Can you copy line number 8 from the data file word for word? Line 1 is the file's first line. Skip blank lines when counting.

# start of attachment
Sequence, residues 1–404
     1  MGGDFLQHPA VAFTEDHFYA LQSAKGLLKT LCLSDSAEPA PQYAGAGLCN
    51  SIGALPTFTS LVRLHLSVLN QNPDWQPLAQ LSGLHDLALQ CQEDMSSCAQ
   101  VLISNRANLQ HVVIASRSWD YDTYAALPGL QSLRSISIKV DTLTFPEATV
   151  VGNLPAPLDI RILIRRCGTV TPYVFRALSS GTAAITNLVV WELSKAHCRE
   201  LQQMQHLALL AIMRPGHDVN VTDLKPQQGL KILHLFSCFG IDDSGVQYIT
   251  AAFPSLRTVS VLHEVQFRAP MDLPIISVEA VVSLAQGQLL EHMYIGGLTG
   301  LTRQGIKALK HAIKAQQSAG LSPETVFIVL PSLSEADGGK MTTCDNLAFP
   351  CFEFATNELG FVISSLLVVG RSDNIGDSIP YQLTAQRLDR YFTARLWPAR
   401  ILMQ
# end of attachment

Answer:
   301  LTRQGIKALK HAIKAQQSAG LSPETVFIVL PSLSEADGGK MTTCDNLAFP